Walmart Says Loss Likely from Bribery Investigation

walmart loss bribery investigation mexico sec
AP A consumer pays for his purchases at a Walmart Superstore in Mexico City. In a regulatory filing Tuesday, Walmart said it is likely that it will incur a loss from bribery probes into its operations in Mexico and other countries.
NEW YORK -- Wal-Mart Stores Inc. (WMT) said it is 'probable' that the world's largest retailer will incur a loss due to ongoing bribery investigations by itself and government agencies, but it says it is too early to speculate on the size of the damage.

The company said it does not currently expect the loss to be material. The statements came in a filing with the Securities and Exchange Commission filing late Tuesday.

Wal-Mart Stores has been dealing with allegations that surfaced last April that it failed to notify law enforcement that company officials authorized millions of dollars in payments in Mexico to speed up getting building permits and gain other favors. The Foreign Corrupt Practices Act forbids American companies from bribing foreign officials.

The company has launched its own investigation and is working with government officials in the U.S. and Mexico. In November, the retailer said in a filing with the Securities and Exchange Commission that it was looking into potential U.S. bribery law violations in Brazil, China and India.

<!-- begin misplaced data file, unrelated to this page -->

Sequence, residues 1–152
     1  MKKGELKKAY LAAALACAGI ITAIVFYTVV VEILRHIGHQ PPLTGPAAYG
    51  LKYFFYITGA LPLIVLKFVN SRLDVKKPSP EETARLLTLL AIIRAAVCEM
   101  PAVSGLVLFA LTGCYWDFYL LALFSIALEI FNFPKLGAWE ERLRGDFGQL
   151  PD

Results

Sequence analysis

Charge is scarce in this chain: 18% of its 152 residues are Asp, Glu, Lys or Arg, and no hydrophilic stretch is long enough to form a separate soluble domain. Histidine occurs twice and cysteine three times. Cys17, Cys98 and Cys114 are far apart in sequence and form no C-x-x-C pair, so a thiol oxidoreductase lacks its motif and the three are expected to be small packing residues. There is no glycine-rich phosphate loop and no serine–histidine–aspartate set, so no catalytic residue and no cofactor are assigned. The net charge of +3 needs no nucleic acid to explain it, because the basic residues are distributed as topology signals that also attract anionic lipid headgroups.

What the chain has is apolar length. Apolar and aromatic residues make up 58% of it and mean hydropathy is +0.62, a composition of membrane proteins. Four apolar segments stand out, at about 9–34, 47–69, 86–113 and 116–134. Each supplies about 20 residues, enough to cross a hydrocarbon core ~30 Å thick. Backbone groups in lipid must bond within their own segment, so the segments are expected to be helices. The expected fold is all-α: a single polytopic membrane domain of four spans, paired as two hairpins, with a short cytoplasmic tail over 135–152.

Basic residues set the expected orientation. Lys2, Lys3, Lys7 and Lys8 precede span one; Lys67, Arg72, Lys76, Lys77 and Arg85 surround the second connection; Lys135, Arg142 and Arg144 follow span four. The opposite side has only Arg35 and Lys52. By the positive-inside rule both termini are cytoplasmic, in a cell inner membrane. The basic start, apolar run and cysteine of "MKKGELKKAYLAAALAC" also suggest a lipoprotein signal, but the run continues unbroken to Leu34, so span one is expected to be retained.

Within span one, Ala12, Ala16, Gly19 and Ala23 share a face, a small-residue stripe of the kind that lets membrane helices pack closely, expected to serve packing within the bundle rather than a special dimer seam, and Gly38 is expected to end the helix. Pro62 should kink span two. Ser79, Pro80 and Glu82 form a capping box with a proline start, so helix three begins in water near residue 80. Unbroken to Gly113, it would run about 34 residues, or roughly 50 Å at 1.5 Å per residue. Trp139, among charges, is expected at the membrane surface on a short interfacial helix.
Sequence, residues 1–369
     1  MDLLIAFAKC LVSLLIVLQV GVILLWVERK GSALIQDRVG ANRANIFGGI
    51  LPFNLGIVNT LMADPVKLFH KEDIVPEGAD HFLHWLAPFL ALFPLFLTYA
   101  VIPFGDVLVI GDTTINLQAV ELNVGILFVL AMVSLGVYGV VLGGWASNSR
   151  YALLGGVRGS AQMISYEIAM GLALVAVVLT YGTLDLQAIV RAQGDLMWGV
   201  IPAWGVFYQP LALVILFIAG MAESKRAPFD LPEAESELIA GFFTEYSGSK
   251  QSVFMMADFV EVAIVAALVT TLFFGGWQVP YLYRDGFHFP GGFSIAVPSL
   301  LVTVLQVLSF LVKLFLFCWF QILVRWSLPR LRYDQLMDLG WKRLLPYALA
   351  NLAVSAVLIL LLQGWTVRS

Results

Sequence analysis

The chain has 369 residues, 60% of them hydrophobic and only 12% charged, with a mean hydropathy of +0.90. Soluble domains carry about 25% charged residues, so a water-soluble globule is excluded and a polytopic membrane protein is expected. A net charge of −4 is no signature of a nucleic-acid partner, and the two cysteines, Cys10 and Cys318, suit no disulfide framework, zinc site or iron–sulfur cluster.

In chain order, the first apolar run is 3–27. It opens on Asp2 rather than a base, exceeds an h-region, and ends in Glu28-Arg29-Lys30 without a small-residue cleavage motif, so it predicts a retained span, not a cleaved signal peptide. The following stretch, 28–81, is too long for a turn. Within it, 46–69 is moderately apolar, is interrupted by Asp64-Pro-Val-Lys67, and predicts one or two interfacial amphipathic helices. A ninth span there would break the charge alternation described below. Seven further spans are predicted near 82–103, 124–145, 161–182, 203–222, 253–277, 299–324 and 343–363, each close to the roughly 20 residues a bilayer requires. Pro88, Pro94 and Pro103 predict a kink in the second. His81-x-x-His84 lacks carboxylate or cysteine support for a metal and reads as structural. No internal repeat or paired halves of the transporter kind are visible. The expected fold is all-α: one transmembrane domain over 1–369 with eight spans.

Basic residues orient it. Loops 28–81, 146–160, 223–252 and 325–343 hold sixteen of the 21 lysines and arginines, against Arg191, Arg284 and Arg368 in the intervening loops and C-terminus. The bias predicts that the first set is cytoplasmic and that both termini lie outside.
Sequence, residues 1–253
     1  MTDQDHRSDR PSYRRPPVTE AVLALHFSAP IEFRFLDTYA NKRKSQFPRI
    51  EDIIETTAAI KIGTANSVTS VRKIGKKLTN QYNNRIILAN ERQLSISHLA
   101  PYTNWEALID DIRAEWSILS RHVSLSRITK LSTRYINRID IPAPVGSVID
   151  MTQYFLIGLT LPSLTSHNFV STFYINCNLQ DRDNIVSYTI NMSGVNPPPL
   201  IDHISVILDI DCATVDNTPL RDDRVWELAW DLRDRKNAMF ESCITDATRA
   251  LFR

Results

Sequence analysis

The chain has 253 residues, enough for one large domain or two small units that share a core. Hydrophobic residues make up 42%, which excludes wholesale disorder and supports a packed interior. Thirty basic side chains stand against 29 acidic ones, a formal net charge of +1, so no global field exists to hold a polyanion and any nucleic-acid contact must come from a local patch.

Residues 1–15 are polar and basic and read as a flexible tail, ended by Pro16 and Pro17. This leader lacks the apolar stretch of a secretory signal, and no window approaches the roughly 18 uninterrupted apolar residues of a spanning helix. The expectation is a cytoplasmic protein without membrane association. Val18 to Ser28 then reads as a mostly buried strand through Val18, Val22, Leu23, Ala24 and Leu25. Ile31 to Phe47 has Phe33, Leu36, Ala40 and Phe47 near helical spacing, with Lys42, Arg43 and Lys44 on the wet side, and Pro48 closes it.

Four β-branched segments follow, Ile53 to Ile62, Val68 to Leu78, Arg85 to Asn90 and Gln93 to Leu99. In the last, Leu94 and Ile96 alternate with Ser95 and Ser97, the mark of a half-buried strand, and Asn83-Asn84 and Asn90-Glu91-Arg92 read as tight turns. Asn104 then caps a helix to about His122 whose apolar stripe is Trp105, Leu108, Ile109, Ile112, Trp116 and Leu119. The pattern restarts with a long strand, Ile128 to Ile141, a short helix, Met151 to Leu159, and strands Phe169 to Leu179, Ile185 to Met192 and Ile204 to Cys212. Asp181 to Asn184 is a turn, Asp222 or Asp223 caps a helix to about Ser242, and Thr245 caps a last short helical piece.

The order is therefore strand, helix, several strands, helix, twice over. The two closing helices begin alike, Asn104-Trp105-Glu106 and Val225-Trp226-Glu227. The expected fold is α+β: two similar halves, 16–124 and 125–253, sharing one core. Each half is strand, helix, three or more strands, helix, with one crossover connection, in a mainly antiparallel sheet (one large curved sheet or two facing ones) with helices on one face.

In another filing Tuesday with the SEC, Wal-Mart Stores said that it expects to incur costs above the $157 million it spent on the probes in fiscal 2013 because of its ongoing review and other investigations as well as shareholder lawsuits.

It also said it is "probable" that it will incur a loss from the matters, but did not give an estimate on how much.

"Given the on-going nature and complexity of the review, inquiries and investigations, we cannot reasonably estimate any loss or range of loss that may arise from these matters," Bentonville, Ark.-based Wal-Mart said in the filing.
The company said it does not currently think the lawsuits will have a "material adverse effect" on its business but said it is possible that could change in the future.

"This is clearly a bad action, if found guilty, but we believe these issues and penalties will not dramatically impair their balance sheet and its ongoing business model," especially in the U.S., Janney Capital Markets analyst David Strasser said in a note to investors.

He cited other cases where companies have been penalized for violating the FCPA. The biggest was Siemens, which paid $800 million to U.S. authorities and $800 million to German authorities in 2008. Even if Wal-Mart paid that, Strasser said, it would still be able to absorb the costs without significant problems.

On the positive side, Strasser said the company has slowed growth and capital spending internationally, which should help its balance sheet.

He kept his "Buy" rating on the stock.

Shares fell 14 cents to $74.63 in morning trading.

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